It missed the mark of garnering sympathy for this character. Where is that supposed to fit in? The investigation is a relative joke and this book does nothing to foster confidence in law enforcement. Emma might have been better off with Sarah but Sarah committed a huge crime. That has always been the case. The one character that tried to convey this to Sarah was dismissed. The implications of this book are bigger than the story itself. When Sarah observed Amy and Emma for the first time, she could draw no real conclusions as to what the child was enduring on a daily basis. Amy could have been having a bad day.
Does every mother having a bad day deserve to have her child taken by a clueless do-gooder? Though the second observation may have clinched it for Sarah, she had no right to do what she did even though in her mind, she was saving a child that would have likely been failed by the system.
Even so, should Amy and Richard not have been presented with the opportunity to keep their family intact? The questions raised after the ending are ridiculous. The story came across as narrow-minded, idealistic, and ultimately irresponsible. I also had the ulterior motive of perhaps mastering a few of these recipes. I thought it might be nice to have bread once in a while though I have been fine going without. They tend to be either unpalatable, expensive, or both.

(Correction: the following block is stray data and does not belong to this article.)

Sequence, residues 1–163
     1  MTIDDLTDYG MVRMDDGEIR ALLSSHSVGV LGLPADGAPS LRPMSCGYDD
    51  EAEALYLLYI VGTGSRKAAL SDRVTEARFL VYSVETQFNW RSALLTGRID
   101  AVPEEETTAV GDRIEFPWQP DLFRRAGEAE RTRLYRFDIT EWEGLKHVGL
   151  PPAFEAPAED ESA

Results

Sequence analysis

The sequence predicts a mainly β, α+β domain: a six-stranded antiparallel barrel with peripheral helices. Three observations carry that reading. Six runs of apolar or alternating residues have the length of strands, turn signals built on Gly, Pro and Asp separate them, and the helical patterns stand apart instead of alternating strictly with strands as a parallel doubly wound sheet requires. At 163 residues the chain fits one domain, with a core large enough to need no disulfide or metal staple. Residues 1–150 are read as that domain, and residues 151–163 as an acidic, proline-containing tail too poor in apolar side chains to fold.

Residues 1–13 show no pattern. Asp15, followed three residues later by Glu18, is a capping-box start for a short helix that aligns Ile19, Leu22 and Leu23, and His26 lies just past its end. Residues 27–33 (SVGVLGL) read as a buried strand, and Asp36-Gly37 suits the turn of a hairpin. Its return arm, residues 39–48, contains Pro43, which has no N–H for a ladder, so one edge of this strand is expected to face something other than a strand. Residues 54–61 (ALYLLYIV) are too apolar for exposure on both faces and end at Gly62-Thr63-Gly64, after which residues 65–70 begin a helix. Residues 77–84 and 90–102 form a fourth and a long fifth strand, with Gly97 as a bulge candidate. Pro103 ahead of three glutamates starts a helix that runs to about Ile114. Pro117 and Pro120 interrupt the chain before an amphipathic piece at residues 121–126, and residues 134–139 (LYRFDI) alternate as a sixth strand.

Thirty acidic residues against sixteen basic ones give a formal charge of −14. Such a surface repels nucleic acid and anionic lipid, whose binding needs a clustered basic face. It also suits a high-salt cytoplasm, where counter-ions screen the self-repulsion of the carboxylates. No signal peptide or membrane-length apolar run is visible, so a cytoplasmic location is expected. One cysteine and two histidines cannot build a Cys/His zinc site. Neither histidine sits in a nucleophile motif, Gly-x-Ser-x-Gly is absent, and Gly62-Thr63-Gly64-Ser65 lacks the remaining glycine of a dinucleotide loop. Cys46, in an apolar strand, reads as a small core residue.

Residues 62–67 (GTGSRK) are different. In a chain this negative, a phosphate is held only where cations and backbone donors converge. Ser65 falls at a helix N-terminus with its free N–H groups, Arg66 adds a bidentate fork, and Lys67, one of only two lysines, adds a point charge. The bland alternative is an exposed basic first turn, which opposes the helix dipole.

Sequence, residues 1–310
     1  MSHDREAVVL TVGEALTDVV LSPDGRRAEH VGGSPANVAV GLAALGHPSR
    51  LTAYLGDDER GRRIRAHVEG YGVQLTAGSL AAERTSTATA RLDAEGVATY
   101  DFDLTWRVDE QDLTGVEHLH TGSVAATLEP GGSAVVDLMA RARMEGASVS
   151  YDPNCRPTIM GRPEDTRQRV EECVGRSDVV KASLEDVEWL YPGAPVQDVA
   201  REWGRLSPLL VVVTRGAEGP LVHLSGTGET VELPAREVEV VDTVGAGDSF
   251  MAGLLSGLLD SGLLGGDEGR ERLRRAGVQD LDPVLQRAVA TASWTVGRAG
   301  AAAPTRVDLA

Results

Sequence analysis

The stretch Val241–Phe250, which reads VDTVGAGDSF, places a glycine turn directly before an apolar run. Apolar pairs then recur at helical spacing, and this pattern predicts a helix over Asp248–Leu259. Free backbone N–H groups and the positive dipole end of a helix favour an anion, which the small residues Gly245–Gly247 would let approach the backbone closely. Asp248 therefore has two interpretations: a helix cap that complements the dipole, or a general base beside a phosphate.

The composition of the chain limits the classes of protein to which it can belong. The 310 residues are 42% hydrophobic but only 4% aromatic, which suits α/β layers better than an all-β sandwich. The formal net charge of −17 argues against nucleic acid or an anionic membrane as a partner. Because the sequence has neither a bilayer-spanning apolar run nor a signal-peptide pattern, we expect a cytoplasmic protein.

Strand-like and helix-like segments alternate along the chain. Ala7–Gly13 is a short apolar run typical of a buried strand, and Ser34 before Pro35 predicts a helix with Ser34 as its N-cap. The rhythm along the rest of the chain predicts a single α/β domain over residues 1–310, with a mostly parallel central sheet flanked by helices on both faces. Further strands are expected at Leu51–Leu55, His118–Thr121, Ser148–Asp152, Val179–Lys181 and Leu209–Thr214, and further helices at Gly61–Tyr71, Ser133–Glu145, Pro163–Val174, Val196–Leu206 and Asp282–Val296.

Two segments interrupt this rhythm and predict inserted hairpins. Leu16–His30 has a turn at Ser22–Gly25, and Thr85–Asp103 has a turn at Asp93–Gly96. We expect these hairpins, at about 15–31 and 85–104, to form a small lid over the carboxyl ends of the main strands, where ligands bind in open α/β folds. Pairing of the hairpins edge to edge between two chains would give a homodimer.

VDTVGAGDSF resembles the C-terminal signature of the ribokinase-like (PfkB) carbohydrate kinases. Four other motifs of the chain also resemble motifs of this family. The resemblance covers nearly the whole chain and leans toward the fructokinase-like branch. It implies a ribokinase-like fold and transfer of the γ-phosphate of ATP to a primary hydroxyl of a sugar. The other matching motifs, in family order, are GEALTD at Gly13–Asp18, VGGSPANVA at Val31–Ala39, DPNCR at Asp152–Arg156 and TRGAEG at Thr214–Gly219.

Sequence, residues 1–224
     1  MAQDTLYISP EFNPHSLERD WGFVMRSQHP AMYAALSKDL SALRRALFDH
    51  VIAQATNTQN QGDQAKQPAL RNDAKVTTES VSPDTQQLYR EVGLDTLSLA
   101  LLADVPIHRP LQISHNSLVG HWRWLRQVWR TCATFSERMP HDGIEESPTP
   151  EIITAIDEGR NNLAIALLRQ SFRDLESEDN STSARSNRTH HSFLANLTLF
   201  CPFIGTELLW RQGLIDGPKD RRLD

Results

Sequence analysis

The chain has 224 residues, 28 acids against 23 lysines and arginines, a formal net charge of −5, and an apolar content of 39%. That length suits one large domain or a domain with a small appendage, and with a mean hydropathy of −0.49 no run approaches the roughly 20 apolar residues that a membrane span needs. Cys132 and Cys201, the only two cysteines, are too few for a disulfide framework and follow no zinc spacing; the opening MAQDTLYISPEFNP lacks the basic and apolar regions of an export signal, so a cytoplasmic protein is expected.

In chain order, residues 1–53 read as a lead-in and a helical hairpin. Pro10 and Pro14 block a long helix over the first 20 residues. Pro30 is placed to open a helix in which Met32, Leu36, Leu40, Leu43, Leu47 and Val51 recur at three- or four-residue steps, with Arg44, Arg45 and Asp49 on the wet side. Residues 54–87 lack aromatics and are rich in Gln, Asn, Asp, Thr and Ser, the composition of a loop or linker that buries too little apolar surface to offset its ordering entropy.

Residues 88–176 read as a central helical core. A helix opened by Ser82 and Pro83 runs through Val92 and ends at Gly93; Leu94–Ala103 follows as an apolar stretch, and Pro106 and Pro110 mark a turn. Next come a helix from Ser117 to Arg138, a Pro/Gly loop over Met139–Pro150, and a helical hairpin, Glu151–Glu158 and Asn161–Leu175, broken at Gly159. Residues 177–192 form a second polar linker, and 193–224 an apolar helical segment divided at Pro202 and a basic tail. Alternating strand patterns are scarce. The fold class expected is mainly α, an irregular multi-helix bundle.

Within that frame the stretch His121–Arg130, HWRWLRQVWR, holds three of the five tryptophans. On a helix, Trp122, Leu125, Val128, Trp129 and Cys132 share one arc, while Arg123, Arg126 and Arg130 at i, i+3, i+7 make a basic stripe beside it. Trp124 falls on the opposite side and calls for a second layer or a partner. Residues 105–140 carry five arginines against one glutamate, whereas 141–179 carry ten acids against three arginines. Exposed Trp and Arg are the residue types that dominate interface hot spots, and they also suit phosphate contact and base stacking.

Every type of bread imaginable can be found in this book, including quick breads, sweet breads, muffins, and cakes, so if you are gluten-free and wish to make your own, this book might just become your bread bible. The one thing that makes me wary of completely diving in is the time involved in making my own bread.
I have made a couple of the easier recipes. I tried both the Chickpea Crackers pg. Both were easy to make but the tortillas took some time to cook so if you are making for say taco night, do yourself a favor and make them ahead and keep warm wrapped in a tea towel and in a degree oven.
They strongly resemble the Moo Shu pancakes at a Chinese restaurant so they would work well recreating that dish too. I make a similar cracker with almond flour that I prefer. The dough does roll out easy and they are a no brainer if you have garbanzo flour on hand but I would not spend the money on it for just these crackers.